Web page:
Iran’s Islamic regime is no model to follow

Iran’s Islamic regime is no model to follow

In 1979, the Shah of Iran, Mohammad Reza Pahlavi, was overthrown and replaced by an Islamic Republic basing much of its governance practices on its interpretation of Islam. Today, 30 years later, the answer to a basic question is overdue: Did the theocracy deliver a better life for the Iranian people? The answer is a resounding no. Iran is far worse off today – an argument supported by the continuing political unrest and economic contraction associated in many ways with the country’s ongoing brain drain.

According to the International Monetary Fund, of 91 countries tracked according to the displacement of their elite citizens (those with advanced education and technical know-how), Iran ranks first. It is estimated that 250,000 Iranian engineers and physicians currently reside in the United States. The American government estimates that 70 percent of Iranian immigrants in the US have a college degree. In fact, the value of Iranian assets transferred to the US and Europe in the form of specialized human resources is estimated at well over $10 billion. It is believed that the number of Iranians scattered around the world to be between two and seven million people. IMF estimates the wealth of Iranians living abroad at some $400 billion. Nor is there any indication that the brain drain is slowing down.

The regime in Tehran is showing signs of both political and economic fatigue.

According to Iranian government sources, the unemployment rate in the Islamic Republic is 12.5 percent. However, international economists believe the real rate of unemployment to be twice as large. Politically, the recent June presidential election brought to light the deep dissatisfaction of the Iranian population, which was expressed in the streets of Tehran. Even if the current regime survives, it is wounded and appears to be significantly weaker. If the Islamic Republic is a product introduced in 1979, its shelf-life is expiring. Iran’s revolution has depleted the human and natural resources of the nation.

What transpired in Iran in the last three decades must be viewed as a warning to Arabs tempted to see Islam as the political solution to their problems of governance.

Many in the Arab world, moved by the rise of Ayatollah Ruhollah Khomeini to power in 1979, came to regard Islam as the answer, and solution, to their state of decline. Since Arab secular nationalist regimes were unable to bring political stability and economic prosperity to a region falling behind – proponents of this view believed – some sort of Islamic governance might achieve both. Politically and militarily, secular Arab leaders failed to defeat Israel. Economically they failed to invigorate and launch an economic renaissance that would employ their increasingly younger populations.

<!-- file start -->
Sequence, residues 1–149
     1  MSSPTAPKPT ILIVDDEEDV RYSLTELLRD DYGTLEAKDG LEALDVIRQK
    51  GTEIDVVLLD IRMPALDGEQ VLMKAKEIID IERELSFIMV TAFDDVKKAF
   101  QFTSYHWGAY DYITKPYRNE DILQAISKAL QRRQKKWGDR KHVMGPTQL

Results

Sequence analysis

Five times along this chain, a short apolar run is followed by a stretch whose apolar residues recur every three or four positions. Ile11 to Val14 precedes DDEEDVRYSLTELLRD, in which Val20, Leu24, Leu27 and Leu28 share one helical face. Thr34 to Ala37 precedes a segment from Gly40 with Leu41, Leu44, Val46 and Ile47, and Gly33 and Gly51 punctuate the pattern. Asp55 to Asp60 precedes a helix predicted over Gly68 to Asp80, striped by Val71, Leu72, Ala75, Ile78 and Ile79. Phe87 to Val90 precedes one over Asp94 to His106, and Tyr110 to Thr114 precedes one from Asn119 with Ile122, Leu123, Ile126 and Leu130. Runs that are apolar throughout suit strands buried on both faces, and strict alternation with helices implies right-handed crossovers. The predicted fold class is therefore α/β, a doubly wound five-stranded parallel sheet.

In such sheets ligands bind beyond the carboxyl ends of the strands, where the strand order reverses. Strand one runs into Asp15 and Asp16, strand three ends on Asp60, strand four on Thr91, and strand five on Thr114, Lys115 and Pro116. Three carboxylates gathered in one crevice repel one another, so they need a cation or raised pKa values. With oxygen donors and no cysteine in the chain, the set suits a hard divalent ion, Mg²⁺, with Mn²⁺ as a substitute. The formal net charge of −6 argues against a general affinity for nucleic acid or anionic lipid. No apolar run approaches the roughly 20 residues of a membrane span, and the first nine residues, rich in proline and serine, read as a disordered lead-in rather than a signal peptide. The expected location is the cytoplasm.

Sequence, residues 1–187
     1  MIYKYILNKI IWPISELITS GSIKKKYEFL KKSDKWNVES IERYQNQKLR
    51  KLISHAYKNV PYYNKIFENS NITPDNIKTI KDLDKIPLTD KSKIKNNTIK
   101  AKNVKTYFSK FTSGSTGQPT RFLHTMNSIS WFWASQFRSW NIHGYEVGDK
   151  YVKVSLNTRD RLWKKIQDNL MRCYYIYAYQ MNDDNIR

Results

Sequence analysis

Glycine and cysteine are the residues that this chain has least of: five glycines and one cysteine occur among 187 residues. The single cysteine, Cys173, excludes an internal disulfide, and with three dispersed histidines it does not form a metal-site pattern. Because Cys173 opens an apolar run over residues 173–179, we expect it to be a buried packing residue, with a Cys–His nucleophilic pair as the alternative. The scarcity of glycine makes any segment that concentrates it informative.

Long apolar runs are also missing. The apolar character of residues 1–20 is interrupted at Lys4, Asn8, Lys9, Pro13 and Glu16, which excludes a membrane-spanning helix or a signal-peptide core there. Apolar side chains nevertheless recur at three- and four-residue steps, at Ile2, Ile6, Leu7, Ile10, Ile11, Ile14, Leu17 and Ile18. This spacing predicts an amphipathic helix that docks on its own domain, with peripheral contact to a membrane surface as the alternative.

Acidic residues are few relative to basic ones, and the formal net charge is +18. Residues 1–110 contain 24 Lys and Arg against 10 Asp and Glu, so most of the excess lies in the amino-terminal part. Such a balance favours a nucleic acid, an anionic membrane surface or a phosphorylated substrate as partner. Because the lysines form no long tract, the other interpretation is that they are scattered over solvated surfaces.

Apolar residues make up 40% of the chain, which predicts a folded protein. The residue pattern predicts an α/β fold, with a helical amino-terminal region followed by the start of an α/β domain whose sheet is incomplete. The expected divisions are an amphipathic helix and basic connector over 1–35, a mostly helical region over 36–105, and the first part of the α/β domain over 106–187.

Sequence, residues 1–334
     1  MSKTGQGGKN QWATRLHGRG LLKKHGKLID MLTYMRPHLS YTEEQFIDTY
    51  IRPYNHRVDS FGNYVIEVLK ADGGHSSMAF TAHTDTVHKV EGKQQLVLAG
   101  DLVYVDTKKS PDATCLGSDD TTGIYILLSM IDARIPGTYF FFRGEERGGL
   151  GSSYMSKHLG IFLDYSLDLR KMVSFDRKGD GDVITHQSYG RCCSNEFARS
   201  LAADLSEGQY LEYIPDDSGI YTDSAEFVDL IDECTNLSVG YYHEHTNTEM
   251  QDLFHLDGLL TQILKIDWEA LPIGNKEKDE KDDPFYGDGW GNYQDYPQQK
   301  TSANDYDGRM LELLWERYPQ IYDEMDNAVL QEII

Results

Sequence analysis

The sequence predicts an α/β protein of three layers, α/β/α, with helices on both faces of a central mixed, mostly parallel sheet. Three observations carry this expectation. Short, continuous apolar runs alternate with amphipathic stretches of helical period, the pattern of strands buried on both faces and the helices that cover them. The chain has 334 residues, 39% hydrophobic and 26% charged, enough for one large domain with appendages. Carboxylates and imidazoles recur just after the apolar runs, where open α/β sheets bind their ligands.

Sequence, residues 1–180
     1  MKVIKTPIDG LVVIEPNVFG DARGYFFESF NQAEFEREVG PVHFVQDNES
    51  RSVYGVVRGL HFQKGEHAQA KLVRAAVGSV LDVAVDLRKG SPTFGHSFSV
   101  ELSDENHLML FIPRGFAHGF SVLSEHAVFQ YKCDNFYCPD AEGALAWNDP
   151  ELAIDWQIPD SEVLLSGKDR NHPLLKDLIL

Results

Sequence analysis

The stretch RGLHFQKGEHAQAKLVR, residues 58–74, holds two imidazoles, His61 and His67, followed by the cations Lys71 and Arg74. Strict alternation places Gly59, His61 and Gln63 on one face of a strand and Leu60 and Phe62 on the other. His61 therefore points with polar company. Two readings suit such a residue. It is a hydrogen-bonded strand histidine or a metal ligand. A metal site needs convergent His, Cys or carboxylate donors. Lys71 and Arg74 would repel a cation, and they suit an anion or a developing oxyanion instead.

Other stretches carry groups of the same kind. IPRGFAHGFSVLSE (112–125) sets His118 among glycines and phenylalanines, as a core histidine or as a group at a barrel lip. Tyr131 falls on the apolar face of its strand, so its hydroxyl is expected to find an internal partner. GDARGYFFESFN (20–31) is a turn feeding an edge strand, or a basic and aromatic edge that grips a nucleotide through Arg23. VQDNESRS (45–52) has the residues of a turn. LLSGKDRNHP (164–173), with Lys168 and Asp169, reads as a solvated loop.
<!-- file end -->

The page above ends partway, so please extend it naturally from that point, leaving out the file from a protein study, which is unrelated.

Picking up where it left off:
Political Islam, which Iran’s revolution helped push forward and empower regionally, has gained both in the Middle East and beyond. On most Arab streets, the veil has become the custom rather than the exception. Bearded men – a signal of Islamic observance – are increasingly frequent. Islamic political parties have gained influence throughout the Arab world. The Muslim Brotherhood has become more vocal in Egypt; Jordan, Morocco, and Algeria, among others, have also seen an increase in Islamic organizations and political movements. In Lebanon, Hizbullah has become a powerful political movement. In Gaza, Hamas has forcibly taken over control of the territory – in a Palestinian society hitherto known for the strength of its secular impulses.

The failure of the Iranian regime to provide improvements to its own people should be an eye-opener to those Arabs hoping to emulate the Iranian model. The establishment of Islamic regimes in other nations may well prove as devastating as Iran’s experience. Substantial brain drains will provoke further economic contractions. There is a danger that Christians – who make up an important sector of the population in many Arab countries – would be among the first to leave. Vital and educated human resources would have little problem emigrating and integrating into the global economy.

Islamist-dominated regimes would drive the brightest, educated and most productive to relocate elsewhere. For example, about 3-4 million Iraqis have relocated as a result of the Iraqi conflict. A rise of Islamic parties to power in Baghdad would very probably further deplete Iraq’s human resources.

The Arab world is a very complex neighborhood, with different sets of challenges that each country must face individually. Yet, all countries share the need to reform their markets and educational systems. Three valuable decades have been wasted since the formation of the Islamic Republic of Iran; the region cannot afford another such period. Political Islam is not the answer. Skeptics should look at Iran and take note. It is not a pretty picture.


Raja Kamal is senior associate dean at the Harris School of Public Policy Studies at the University of Chicago. He wrote this commentary for THE DAILY STAR.